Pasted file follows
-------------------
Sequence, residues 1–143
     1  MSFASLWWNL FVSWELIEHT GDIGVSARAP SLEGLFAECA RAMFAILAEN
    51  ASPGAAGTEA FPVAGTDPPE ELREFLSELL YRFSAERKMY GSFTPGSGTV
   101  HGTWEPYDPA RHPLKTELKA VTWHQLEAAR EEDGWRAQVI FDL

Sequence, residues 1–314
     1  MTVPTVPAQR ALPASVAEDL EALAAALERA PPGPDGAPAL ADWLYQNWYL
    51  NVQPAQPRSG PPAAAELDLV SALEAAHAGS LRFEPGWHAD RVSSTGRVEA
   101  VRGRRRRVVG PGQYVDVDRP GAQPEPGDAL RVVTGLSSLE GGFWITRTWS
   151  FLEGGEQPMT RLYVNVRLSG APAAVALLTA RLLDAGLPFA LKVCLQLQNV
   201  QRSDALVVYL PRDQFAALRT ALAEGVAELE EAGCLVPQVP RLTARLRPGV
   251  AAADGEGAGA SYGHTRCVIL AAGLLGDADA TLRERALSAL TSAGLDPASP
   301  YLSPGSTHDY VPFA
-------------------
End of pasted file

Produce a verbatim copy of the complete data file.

Sequence, residues 1–143
     1  MSFASLWWNL FVSWELIEHT GDIGVSARAP SLEGLFAECA RAMFAILAEN
    51  ASPGAAGTEA FPVAGTDPPE ELREFLSELL YRFSAERKMY GSFTPGSGTV
   101  HGTWEPYDPA RHPLKTELKA VTWHQLEAAR EEDGWRAQVI FDL

Sequence, residues 1–314
     1  MTVPTVPAQR ALPASVAEDL EALAAALERA PPGPDGAPAL ADWLYQNWYL
    51  NVQPAQPRSG PPAAAELDLV SALEAAHAGS LRFEPGWHAD RVSSTGRVEA
   101  VRGRRRRVVG PGQYVDVDRP GAQPEPGDAL RVVTGLSSLE GGFWITRTWS
   151  FLEGGEQPMT RLYVNVRLSG APAAVALLTA RLLDAGLPFA LKVCLQLQNV
   201  QRSDALVVYL PRDQFAALRT ALAEGVAELE EAGCLVPQVP RLTARLRPGV
   251  AAADGEGAGA SYGHTRCVIL AAGLLGDADA TLRERALSAL TSAGLDPASP
   301  YLSPGSTHDY VPFA